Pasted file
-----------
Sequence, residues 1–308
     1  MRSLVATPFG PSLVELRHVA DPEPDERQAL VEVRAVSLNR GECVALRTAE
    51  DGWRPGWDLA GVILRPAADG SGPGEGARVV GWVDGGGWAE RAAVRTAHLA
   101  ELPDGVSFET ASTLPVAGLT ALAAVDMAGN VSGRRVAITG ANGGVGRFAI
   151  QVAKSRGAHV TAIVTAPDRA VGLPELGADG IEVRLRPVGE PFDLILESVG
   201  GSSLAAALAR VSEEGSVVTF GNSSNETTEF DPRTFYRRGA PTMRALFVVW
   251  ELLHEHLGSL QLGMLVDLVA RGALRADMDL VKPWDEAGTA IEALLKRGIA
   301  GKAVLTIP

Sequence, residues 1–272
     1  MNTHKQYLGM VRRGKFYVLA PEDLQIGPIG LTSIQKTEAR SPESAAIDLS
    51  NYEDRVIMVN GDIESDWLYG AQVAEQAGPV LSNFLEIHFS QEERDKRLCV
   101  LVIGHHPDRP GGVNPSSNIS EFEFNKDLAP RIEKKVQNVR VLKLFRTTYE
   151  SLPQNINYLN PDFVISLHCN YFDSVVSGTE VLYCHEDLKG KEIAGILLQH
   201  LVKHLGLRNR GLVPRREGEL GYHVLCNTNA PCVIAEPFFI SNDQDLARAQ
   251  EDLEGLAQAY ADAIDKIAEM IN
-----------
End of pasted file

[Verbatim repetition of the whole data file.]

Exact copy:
Sequence, residues 1–308
     1  MRSLVATPFG PSLVELRHVA DPEPDERQAL VEVRAVSLNR GECVALRTAE
    51  DGWRPGWDLA GVILRPAADG SGPGEGARVV GWVDGGGWAE RAAVRTAHLA
   101  ELPDGVSFET ASTLPVAGLT ALAAVDMAGN VSGRRVAITG ANGGVGRFAI
   151  QVAKSRGAHV TAIVTAPDRA VGLPELGADG IEVRLRPVGE PFDLILESVG
   201  GSSLAAALAR VSEEGSVVTF GNSSNETTEF DPRTFYRRGA PTMRALFVVW
   251  ELLHEHLGSL QLGMLVDLVA RGALRADMDL VKPWDEAGTA IEALLKRGIA
   301  GKAVLTIP

Sequence, residues 1–272
     1  MNTHKQYLGM VRRGKFYVLA PEDLQIGPIG LTSIQKTEAR SPESAAIDLS
    51  NYEDRVIMVN GDIESDWLYG AQVAEQAGPV LSNFLEIHFS QEERDKRLCV
   101  LVIGHHPDRP GGVNPSSNIS EFEFNKDLAP RIEKKVQNVR VLKLFRTTYE
   151  SLPQNINYLN PDFVISLHCN YFDSVVSGTE VLYCHEDLKG KEIAGILLQH
   201  LVKHLGLRNR GLVPRREGEL GYHVLCNTNA PCVIAEPFFI SNDQDLARAQ
   251  EDLEGLAQAY ADAIDKIAEM IN